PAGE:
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This kernel patch adds additional CPU options to the Linux kernel accessible under:

 Processor type and features  --->
 Processor family --->

Why a specific patch?

The kernel uses its own set of CFLAGS, KCFLAGS. For example, see:

Expanded CPUs include

CPU Family GCC Optimization
Native optimizations autodetected by GCC -march=native
AMD Improved K8-family -march=k8-sse3
AMD K10-family -march=amdfam10
AMD Family 10h (Barcelona) -march=barcelona
AMD Family 14h (Bobcat) -march=btver1
AMD Family 16h (Jaguar) -march=btver2
AMD Family 15h (Bulldozer) -march=bdver1
AMD Family 15h (Piledriver) -march=bdver2
AMD Family 15h (Steamroller) -march=bdver3
AMD Family 15h (Excavator) -march=bdver4
AMD Family 17h (Zen) -march=znver1
AMD Family 17h (Zen 2) -march=znver2
Intel Bonnell family of low-power Atom processors -march=bonnell
Intel Silvermont family of low-power Atom processors -march=silvermont
Intel Goldmont family of low-power Atom processors (Apollo Lake and Denverton) -march=goldmont
Intel Goldmont Plus family of low-power Atom processors (Gemini Lake) -march=goldmont-plus
Intel 1st Gen Core i3/i5/i7-family (Nehalem) -march=nehalem
Intel 1.5 Gen Core i3/i5/i7-family (Westmere) -march=westmere
Intel 2nd Gen Core i3/i5/i7-family (Sandybridge) -march=sandybridge
Intel 3rd Gen Core i3/i5/i7-family (Ivybridge) -march=ivybridge
Intel 4th Gen Core i3/i5/i7-family (Haswell) -march=haswell
Intel 5th Gen Core i3/i5/i7-family (Broadwell) -march=broadwell
Intel 6th Gen Core i3/i5/i7-family (Skylake) -march=skylake
Intel 6th Gen Core i7/i9-family (Skylake X) -march=skylake-avx512
Intel 8th Gen Core i3/i5/i7-family (Cannon Lake) -march=cannonlake
Intel 10th Gen Core i7/i9-family (Ice Lake) -march=icelake-client
Intel Xeon (Cascade Lake) -march=cascadelake
Intel Xeon (Cooper Lake) -march=cooperlake
Intel 3rd Gen 10nm++ i3/i5/i7/i9-family (Tiger Lake) -march=tigerlake



Three different machines running a generic x86-64 kernel and an otherwise identical kernel running with the optimized gcc options were tested using a make based endpoint.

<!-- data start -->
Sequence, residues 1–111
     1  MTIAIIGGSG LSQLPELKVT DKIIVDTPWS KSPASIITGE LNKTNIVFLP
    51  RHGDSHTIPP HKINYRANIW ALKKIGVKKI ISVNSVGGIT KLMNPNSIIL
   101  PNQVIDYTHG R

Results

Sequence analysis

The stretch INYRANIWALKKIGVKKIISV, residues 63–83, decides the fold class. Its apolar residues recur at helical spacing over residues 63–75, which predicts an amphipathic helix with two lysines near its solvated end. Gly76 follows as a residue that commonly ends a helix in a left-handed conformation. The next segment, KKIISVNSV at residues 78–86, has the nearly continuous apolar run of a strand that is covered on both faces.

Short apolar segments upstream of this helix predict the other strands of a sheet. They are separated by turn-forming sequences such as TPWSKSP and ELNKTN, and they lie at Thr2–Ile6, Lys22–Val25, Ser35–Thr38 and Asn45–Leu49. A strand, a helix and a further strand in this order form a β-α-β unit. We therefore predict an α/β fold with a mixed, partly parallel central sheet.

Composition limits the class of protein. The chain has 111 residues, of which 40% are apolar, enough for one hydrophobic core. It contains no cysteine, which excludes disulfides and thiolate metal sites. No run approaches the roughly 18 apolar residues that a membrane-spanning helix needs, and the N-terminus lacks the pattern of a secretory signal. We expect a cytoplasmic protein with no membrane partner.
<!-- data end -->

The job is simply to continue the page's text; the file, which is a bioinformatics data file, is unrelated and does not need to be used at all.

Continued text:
There are small but real speed increases to running with this patch as judged by a make endpoint. The increases are on par with the speed increase that the upstream sanctioned core2 option gives users, so not including additional options seems somewhat arbitrary to me.


  1. Three test machines: Intel Xeon X3360, Intel i7-2620M, Intel Core i7-3660K.
  2. All ran the make benchmark (linked below) 35 times while booted into a 'generic' kernel. Then all ran the same make benchmark 35 times after booting into an optimized kernel. Below are the optimizations chosen for each machine.
    • X3360 = core2
    • i7-2620M = sandybridge
    • i7-3660K = ivybridge
  3. Results were analyzed for statistical significance via ANOVA plots that clearly show statistically significant albeit small differences.


  1. All the assumptions for ANOVA are met:
    • Data are normally distributed as show in the normal quantile plots.
    • The population variances are fairly equal (Levene and Barlett tests).
  2. The ANOVA plots clearly show significance.
    • Pair-wise analysis by Tukey-Kramer shows significance at the 0.05 level for all CPUs compared.

Below are the differences in median values:

CPU Difference in median value
core2 +87.5 ms
sandybridge +79.7 ms
ivybridge +257.2 ms



Legacy support

Find support for older version of the linux kernel and of gcc in the outdated_versions directory.


Sandybridge vs. Generic


Ivybridge vs. Generic


Core2 vs. Generic



Kernel patch enables gcc optimizations for additional CPUs.




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